The Roman Empire in the New World? That’s the idea of Sidewise Award winner Alan Smale’s The Clash of Eagles trilogy, of which Eagle in Exile is the second book. But in imagining an alternate history, how does one give honor to actual history, and avoid the easy traps of historical fiction? Smale offers up his thoughts.
I was still a recent import to the U.S. when the hoopla surrounding the Columbus quincentenary started up. My own one-man version of the British Invasion was going rather well at the time; what I’d originally thought would be an educational three-year stint in the New World was being overwritten by the strong urge to stick around. Nearly a quarter century later I’m still here, and I’m now an American myself.
From my outsider perspective it was gratifying to see how quickly the simplistic and myth-based story of Columbus I was used to got replaced with a more factual, thoughtful, and nuanced reconsideration of his voyages and impact. I was just beginning to get published as a writer of short fiction at the time, but even then ideas were swirling around my brain. Yet it took another decade and a half, much more writing experience, plus the unanticipated kick-start of reading Charles Mann’s 1491, for my conscious and unconscious minds to get their acts together.
In Clash of Eagles, the Roman Empire never fell. Now it’s the early thirteenth century and a legion under general Gaius Marcellinus is marching west from the Chesapeake Bay towards the great Mississippian city of Cahokia, a thriving community of some 20,000 people. (Cahokia really existed, of course. The Mississippians were mound-builders, and even today it’s fun to stand on top of what we now call Monks Mound, a giant earthwork 100 feet high and 1000 feet across at the base, look out over the surrounding more gently-mounded landscape, and imagine how glorious Cahokia must have been in its heyday…)
And that was the Big Idea behind Clash of Eagles: Ancient Rome invades North America when the Mississippian Culture is at its height. Subtext: Invoke a different European invasion of the North American continent, in a different way and at a different time but with fairly similar motives – plunder and personal glory – and explore what happens.
Hold up a mirror to the world we know. Attempt a new perspective on the culture clash between invaders who have “discovered” this great new world of Nova Hesperia, and the people who have been living there all along.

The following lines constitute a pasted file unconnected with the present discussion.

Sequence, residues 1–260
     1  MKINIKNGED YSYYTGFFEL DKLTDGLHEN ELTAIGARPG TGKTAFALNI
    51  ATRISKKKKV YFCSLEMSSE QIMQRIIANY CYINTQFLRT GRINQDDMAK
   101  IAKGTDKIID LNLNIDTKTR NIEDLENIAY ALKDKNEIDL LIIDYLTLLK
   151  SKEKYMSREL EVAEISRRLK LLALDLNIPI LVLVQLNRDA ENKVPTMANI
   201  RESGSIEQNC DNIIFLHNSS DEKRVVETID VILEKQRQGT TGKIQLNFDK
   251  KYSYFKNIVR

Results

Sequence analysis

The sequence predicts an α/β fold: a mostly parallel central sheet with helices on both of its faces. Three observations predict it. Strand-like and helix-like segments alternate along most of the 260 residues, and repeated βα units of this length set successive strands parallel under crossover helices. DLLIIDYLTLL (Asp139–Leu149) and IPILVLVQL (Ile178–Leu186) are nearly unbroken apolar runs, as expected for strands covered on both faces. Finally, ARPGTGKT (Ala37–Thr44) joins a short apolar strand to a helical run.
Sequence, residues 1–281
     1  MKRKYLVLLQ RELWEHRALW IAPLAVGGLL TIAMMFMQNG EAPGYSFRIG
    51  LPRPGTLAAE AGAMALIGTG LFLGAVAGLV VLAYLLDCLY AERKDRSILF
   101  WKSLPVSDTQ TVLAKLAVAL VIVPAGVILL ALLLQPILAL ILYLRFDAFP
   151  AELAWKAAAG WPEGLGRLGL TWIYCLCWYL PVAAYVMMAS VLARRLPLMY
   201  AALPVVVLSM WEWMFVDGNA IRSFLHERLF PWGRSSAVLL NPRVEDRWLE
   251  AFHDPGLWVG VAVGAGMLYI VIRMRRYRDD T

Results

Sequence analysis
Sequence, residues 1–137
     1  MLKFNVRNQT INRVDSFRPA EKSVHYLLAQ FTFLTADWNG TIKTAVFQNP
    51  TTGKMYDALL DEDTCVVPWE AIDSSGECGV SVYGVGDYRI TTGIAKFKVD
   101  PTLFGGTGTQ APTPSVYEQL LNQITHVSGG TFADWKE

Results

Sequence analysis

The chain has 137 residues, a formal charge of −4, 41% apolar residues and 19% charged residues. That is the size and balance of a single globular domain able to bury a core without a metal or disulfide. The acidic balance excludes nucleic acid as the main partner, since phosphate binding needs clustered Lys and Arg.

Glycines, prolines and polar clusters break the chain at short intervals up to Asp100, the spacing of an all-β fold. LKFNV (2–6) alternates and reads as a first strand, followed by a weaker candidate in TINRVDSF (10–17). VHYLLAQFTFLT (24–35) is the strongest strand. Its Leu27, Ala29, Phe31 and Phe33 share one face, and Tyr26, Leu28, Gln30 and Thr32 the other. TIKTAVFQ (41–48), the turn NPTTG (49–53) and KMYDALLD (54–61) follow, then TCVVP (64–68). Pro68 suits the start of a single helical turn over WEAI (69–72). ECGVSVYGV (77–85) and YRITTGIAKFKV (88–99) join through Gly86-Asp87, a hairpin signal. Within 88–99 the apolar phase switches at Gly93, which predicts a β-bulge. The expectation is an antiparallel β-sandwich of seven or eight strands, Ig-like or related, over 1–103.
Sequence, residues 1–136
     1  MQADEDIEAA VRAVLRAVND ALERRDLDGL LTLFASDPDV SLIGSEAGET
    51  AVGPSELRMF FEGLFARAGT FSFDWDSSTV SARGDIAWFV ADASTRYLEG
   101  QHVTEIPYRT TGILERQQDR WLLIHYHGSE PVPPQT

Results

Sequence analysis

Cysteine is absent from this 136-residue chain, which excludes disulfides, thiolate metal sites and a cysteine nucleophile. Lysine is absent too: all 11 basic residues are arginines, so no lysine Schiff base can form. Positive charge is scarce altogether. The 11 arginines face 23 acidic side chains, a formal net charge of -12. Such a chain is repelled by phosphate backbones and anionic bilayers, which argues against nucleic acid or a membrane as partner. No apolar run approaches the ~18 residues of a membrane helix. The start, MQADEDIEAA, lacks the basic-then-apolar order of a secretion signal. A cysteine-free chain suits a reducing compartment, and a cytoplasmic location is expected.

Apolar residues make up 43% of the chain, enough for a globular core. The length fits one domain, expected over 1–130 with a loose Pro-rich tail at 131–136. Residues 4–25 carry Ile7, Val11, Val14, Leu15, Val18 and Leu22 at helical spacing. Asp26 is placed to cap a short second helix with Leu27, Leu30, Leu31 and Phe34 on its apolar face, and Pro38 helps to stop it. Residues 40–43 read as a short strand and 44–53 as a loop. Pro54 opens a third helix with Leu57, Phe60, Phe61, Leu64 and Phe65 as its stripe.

Of course, along the way desperate battles, pathos, and hardship ensue.
As the second volume, Eagle in Exile, begins, Gaius Marcellinus is living in a Cahokia that’s suffered considerable death and destruction due to its Mourning War with the Iroqua of the northeast. Marcellinus has done his level best to help his new Cahokian friends, with – let’s put it kindly – mixed results. And then there’s a coup. Marcellinus and a small band of his Cahokian friends are expelled from Cahokia and have to survive as stateless wanderers on the Mississippi. But, but: in the meantime, the Emperor of Rome has hardly forgotten about Nova Hesperia. More legions are coming, and Cahokia is not ready for them. Unless Marcellinus and his new friends can turn things around, they’re hosed. And there may be an enemy even greater than Imperial Rome on the Hesperian horizon.
This kind of story has antecedents. All stories do. The theme of the helpful and notionally more ‘advanced’ outsider entering and influencing a foreign culture has been explored from A Connecticut Yankee in King Arthur’s Court and Lest Darkness Fall to Dances with Wolves and Avatar. Which was kind of the point. I wanted to dig into a new version of the “discovery” of the North American continent. But I also wanted to turn the Avatar cliché on its ear, because I’ve never believed it. I’m generally unsatisfied with protagonists who adapt into new and radically different cultures with such speed and ease that they’re indiscriminately slaying members of their old culture by the end of the book (or movie). Perhaps there are exceptions, and even noble ones, but by and large honorable human beings just don’t behave that way.
Marcellinus is an honorable man. He’s hardly blind to Rome’s flaws, but he will live and die a Roman. He tries to convince himself — sometimes on tenuous grounds — that his actions are in Rome’s interests as well as Cahokia’s.
More crucially, Marcellinus has sworn an oath to never take up arms against Rome. This puts him in a bit of a bind. He is no longer a mere soldier. He has made new friends, new family, a new community and new allegiances, and he can hardly abandon Cahokia and the other North American peoples to their fate when his inside knowledge of Rome might be able to help them.
He can’t fight Rome, and yet he can’t not help Cahokia. Really, what’s a guy supposed to do?
So, the Big Idea of Eagle in Exile: wild adventure in an ancient North America, while in the process standing that comfy Dances with Wolves trope on its ear. With a secondary theme or minor or, hey, side order of: what does an honorable man do in an impossible situation?
With the easy answers ruled out, Marcellinus has to get creative. And after all, it’s not like everyone is just going to do what he says. Cahokia’s chiefs and elders have their own ideas, their own friends and enemies and concerns, and they don’t line up neatly with Marcellinus’s. Marcellinus is quite good at war, but he’ll have to develop a range of other skills to negotiate a treacherous landscape like this. He’ll have to learn fast, think on his feet, and try not to get killed or – given his less than stellar record so far – try not to get anyone else killed either.
I have to say, I’m glad my arrival in North America was calmer than Marcellinus’s. I might not have made it quite as far as I have.